Both P1S/P2S/P3S visas and P1/P2/P3 visas require the foreign person to maintain a residence (home address) overseas that they have no intention in abandoning, however, the P1/P2/P3 visas are dual intent visas that allow the person to have a green card (permanent residency) petition pending while still being able to maintain and extend (renew) their P1/P2/P3 visa status in the United States.
In comparison, the P1S/P2S/P3S visas for the foreign support staff of P1/P2/P3 visa workers are not dual intent visas which means the person is not allowed to have the intention of staying permanently in the United States. And thus a P1S/P2S/P3S visa worker having a pending green card petition will interfere with their eligibility to maintain and extend (or renew) their P1S/P2S/P3S visa status in the United States. For example, if a P1S/P2S/P3S visa holder leaves the United States after they have filed a green card petition (which is an intention of permanently staying in the United States) with the USCIS, it would be likely that they will not be allowed to back to the United States with their P1S/P2S/P3S visa because it is not a dual intent visa and only allows the foreign person to have an intention to temporarily stay in the United States.
The P1A visas are for workers in the athletic field (e.g., internationally recognized individual athletes or athletic teams, professional or amateur athletes, amateur coaches, or theatrical ice-skaters) that are coming to the United States to work for a specific event, competition, or performance. The P1B visas are for artists performing as a part of an internationally recognized entertainment group for a specific event or performance in the United States. The P2 visa and P3 visa are for artists, performers, entertainment groups that will be working under a particular artistic exchange program or culturally unique program in the United States. The P1S/P2S/P3S visas are for the essential support staff of P1/P2/P3 visa workers.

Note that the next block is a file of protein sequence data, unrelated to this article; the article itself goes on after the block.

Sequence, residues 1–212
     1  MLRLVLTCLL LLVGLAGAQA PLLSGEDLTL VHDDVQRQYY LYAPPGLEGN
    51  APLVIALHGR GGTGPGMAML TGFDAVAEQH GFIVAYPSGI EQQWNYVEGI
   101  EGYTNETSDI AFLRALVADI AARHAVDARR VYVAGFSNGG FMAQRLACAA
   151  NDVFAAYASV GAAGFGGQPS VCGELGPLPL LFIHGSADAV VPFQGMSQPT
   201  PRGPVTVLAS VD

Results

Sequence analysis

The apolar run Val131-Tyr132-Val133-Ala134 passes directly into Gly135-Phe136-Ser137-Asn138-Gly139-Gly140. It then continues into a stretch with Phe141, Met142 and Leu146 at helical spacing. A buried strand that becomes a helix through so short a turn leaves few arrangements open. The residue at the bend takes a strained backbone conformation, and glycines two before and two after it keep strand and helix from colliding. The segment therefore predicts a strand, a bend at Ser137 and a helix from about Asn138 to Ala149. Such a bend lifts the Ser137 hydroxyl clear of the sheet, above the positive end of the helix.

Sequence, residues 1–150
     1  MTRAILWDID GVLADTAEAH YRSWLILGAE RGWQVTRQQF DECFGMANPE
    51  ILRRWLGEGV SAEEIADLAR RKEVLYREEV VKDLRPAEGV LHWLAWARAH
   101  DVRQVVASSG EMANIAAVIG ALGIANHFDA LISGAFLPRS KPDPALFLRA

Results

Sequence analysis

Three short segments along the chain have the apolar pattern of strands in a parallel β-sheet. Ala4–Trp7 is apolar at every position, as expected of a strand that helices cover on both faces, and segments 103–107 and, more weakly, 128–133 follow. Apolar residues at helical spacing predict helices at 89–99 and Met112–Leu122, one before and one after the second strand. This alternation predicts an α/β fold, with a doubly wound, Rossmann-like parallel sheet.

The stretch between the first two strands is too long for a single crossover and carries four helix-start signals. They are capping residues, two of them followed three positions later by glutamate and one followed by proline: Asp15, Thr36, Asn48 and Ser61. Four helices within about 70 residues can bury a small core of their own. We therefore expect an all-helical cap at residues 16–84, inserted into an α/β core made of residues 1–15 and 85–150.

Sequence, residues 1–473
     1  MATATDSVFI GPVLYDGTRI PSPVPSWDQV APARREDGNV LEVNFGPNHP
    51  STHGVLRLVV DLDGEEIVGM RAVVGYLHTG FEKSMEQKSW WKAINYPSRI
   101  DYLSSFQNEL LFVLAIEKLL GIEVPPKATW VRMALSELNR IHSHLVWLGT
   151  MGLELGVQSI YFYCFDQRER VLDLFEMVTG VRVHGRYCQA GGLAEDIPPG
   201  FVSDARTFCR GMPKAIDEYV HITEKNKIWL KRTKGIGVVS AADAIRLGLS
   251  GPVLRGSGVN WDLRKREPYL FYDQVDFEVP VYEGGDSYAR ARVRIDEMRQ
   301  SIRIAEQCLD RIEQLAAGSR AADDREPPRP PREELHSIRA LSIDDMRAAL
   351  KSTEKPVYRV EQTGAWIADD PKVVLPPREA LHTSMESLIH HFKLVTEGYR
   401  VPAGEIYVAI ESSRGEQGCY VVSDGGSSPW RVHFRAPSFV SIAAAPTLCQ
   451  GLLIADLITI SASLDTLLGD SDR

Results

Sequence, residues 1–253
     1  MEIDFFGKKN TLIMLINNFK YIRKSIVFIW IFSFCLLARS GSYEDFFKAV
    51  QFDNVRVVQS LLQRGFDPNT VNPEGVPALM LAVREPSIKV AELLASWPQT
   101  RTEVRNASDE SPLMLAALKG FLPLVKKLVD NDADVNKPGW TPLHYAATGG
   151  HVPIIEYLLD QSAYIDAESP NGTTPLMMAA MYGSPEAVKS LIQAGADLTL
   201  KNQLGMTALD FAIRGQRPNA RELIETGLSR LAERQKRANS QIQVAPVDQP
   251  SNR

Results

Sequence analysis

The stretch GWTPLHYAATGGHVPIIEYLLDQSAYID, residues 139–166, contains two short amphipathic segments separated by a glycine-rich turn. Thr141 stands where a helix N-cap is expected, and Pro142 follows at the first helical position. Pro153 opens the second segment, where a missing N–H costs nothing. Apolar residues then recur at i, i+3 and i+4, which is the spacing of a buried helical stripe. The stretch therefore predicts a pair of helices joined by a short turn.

If you have a P work visa (athletes, coaches, artists, entertainment groups, artistic exchange program, culturally unique program) immigration question, please fill out our contact us form or send us an email with some basic information about your background and your immigration needs. We will do our best to respond within 48 hours.
How we can help?
Kylie Huang Law’s immigration attorney will help identify whether the P visa is the appropriate nonimmigrant visa category for the client’s (or the client’s beneficiary’s) professional background and if there are other visa options for the client (or the client’s beneficiary). We will work closely with our client to prepare a convincing case for their (or it’s) P visa petition and we will also strategize on how the P visa petition should be presented to achieve the best chances of approval. It is strongly advised and common practice to retain an immigration attorney for a P work visa petition due to the complexities in the immigration process and visa requirements.